SCRIPT Version 10.6, the standard for e-prescribing and related transactions that the National Council for Prescription Drug Programs has been recommending for several years, will be coming into use in upcoming months.
SCRIPT Version 10.6, the standard for e-prescribing and related transactions that the National Council for Prescription Drug Programs (NCPDP) has been recommending for several years, will be coming into use in upcoming months, according to NCPDP.
Ken Whittemore, RPh, senior vice president, regulatory affairs, SureScripts, confirmed that his group will begin certifying vendors shortly. Adoption of the system is expected to begin incrementally in the last half of this year, with wider adoption expected next year, he said.
Endorsed by the Department of Health and Human Services last year, the standard offers a number of enhancements, according to people working on it. The new version offers benefits that people in the field have anticipated for some time, Whittemore asserted.
At present, most e-prescribing transactions that are performed electronically are using SCRIPT 8.1, said Lynne Gilbertson, vice president, standards development, NCPDP.
One of the key enhancements that SCRIPT 10.6 will make available is the drug codification system known as RX Norm, which will “provide a more accurate and exact drug selection list, enabling the pharmacist to select the correct drug to dispense,” according to a recent NCPDP webinar that outlined the new system.
Steve Franko, senior portfolio manager for CVS Caremark, stated during the presentation, “I looked at actual data, and for 10 different glipizide 10 mg tablets in the existing world today, [there were] 82 different ways it was specified in the drug name field.”
SCRIPT 10.6 also includes an enhanced “Sig” codification, NCPDP noted. As explained during the webinar, the Sig contains the instruction on how the patients should take the medication and “it must be legible, unambiguous, and complete, to ensure that the prescriber’s instructions for use of the product are understood.”
According to Laura Topor, director, account management, RxEOB, “What we have built truly will accommodate 98% or 99% of the Sigs that are written.”
Whittemore of Surescripts told Drug Topics that it will be interesting to see how quickly the Sig function is adopted, because it is complicated. However, he said, it has long been called for.
SCRIPT 10.6 also supports a medication-history source feature that can show where the history was obtained and the identity of the source. It includes the capacity to consolidate histories from different sources, the NCPDP materials say.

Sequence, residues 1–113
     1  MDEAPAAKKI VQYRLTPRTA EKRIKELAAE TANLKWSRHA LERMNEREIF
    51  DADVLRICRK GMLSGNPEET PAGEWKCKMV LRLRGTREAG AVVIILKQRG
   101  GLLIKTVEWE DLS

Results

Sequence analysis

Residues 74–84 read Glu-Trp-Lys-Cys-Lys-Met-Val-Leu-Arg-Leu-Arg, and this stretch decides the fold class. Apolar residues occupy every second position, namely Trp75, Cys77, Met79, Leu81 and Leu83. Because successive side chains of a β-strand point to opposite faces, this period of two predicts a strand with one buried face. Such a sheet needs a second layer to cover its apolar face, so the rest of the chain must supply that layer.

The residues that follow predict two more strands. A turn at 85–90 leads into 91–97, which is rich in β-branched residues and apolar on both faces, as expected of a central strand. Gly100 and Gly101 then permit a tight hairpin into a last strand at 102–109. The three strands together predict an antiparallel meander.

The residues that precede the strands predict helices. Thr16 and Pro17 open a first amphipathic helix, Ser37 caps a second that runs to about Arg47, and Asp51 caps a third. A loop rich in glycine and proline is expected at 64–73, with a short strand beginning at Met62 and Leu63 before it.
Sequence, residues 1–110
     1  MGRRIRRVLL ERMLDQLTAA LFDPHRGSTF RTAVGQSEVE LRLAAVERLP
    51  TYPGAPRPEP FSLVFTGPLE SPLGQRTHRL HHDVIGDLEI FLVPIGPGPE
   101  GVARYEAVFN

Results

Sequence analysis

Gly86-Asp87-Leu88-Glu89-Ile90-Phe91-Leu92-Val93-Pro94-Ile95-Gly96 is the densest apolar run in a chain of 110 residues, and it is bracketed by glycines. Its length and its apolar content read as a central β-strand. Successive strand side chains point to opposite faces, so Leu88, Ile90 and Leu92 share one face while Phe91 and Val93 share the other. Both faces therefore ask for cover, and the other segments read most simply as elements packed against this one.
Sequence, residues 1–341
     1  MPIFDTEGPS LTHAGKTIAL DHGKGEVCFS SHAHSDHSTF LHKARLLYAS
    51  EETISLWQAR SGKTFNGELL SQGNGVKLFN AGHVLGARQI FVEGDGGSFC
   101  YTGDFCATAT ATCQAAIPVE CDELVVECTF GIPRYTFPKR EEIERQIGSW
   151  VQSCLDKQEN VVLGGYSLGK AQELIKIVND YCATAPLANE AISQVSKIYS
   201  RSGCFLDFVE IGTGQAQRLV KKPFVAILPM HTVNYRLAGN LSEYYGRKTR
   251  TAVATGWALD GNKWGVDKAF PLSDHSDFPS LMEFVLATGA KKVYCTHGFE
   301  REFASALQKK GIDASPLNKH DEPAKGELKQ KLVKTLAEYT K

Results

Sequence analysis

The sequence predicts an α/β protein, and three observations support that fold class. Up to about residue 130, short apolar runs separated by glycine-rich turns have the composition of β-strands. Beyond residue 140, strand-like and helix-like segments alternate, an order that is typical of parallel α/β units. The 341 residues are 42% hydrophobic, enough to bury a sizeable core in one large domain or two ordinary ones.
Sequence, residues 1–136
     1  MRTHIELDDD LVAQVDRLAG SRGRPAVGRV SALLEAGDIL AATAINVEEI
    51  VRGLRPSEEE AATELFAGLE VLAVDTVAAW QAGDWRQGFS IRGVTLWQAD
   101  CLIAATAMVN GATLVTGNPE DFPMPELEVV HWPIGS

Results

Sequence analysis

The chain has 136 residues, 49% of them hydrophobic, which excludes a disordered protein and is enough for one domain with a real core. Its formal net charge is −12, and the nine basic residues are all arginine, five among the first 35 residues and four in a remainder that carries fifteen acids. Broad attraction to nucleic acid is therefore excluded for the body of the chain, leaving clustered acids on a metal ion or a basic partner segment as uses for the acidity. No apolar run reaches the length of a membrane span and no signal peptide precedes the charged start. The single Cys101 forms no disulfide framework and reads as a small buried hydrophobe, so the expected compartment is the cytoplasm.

The system also provides fields for dates of several transactions, with the time of day noted to the second, including:
SCRIPT 10.6 also includes a capability for the prescriber to send additional prior-authorization codes, “enabling such a code to be available in the event that the prescription is rejected,” according to NCPDP.
It supports a “scheduled medication” function for use with controlled substances, as well.
NCPDP information also notes that the new system allows for the download of a National Cancer Institute Terminology (NCIt) set that will provide values in 4 fields: DEA schedule, potency unit code, (also called Unit Measure), dosage form code, and strength form code.
In a feature planned for use in e-prescribing of controlled substances, the system supports a “scheduled medication” feature.
A significant issue connected with SCRIPT 10.6, according to Gilbertson, has been the process of getting approval from the federal Centers for Medicare and Medicaid Services.
A July 2010 CMS regulation endorsed SCRIPT 10.6. But that rule allows that both 8.1 and 10.6 may be used for the time being. The NCPDP recommended that the use of 8.1 be phased out by the end of 2012. But it is uncertain when CMS will issue that regulation.
As for e-prescribing in general, in its national progress report SureScripts stated that the number of prescribers routing prescriptions electronically rose from 156,000 in 2009 to 234,000 in 2010; this, it said, represents about 34% of all office-based prescribers. According the report, 1 out of 4 prescriptions is now electronic, up from 1 in 18 just 2 years earlier.
Gilbertson of NCPDP noted that the coming of “meaningful use” standards for electronic health records from the Department of Health and Human Services may also give e-prescribing a boost in future years.
Kathryn Foxhall is a healthcare journalist based in the Washington, D.C. area.